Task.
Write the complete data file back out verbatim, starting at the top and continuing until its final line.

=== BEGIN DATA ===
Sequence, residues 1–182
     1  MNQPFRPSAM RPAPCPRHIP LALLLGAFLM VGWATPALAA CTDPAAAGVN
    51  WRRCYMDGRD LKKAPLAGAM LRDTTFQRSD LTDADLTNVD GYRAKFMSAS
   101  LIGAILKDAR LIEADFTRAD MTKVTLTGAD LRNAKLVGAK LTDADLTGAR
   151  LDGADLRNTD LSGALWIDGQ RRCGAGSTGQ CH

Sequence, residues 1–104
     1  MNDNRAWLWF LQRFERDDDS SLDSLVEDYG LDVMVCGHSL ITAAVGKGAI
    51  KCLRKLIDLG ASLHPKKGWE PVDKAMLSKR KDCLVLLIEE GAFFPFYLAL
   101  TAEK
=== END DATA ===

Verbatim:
Sequence, residues 1–182
     1  MNQPFRPSAM RPAPCPRHIP LALLLGAFLM VGWATPALAA CTDPAAAGVN
    51  WRRCYMDGRD LKKAPLAGAM LRDTTFQRSD LTDADLTNVD GYRAKFMSAS
   101  LIGAILKDAR LIEADFTRAD MTKVTLTGAD LRNAKLVGAK LTDADLTGAR
   151  LDGADLRNTD LSGALWIDGQ RRCGAGSTGQ CH

Sequence, residues 1–104
     1  MNDNRAWLWF LQRFERDDDS SLDSLVEDYG LDVMVCGHSL ITAAVGKGAI
    51  KCLRKLIDLG ASLHPKKGWE PVDKAMLSKR KDCLVLLIEE GAFFPFYLAL
   101  TAEK